Martin Scorsese isn’t known for his Christian movies. The Wolf Of Wall Street, Shutter Island, The Departed. Pretty bleak stuff. But here’s three reasons Hugo is one of most profound movies he’s ever made.
Everyone in Hugo has lost something. Parents. Siblings. Careers. Hope.
Hugo wants to fix a mechanical man he hopes has a message from his late father, anything to make him less alone. Most of the people he encounters are broken like his machine. Broken. Alone. As he looks for hope, he brings healing to a despairing old man and helps an embittered policeman find redemption.
There are no trite lines or feeble pats on the back. Hugo knows loss and loneliness are real, but so are grace and healing.
At first, there seem to be a lot of throwaway plots. Why are all these extra people here? But as the movie builds, we see that no person or plot is thrown in for no reason. Hugo tells Isabelle that machines don’t come with extra parts. Everyone has a purpose even if they don’t know what it is. Finding that purpose can be hard and painful, but the movie insists it’s worth it.
Everything Scorsese does in this film is carefully chosen. On a technical level, Hugo is nearly flawless and visually stunning. I hope film professors somewhere are using it to teach lighting, pacing, framing, and using CGI.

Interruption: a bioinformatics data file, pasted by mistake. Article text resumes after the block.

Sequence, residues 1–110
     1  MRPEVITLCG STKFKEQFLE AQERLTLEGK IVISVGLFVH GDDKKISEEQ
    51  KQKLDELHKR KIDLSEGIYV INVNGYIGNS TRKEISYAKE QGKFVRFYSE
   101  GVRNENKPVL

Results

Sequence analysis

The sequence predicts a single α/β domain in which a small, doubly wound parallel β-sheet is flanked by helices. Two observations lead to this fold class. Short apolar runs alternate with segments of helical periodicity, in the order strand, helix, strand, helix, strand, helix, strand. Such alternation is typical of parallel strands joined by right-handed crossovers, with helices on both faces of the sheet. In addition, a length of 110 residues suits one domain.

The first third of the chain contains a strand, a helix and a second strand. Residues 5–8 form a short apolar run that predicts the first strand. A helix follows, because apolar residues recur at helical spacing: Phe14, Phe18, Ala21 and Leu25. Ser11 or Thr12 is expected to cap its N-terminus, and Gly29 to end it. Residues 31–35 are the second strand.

Like a director, God guides everything in history to His purposes. Hugo’s machine doesn’t have extra parts; neither does God’s creation. He molds beautiful, purposeful things the way Scorsese crafts believable characters and masterful shots.
Content-wise, there isn’t a lot to make even the most cautious viewer flinch. I feel clean as the credits roll, and I’m reminded that life does have purpose even in the middle of struggles. Hugo is technically a children’s movie, but it’s the most profound movie Martin Scorsese has ever made.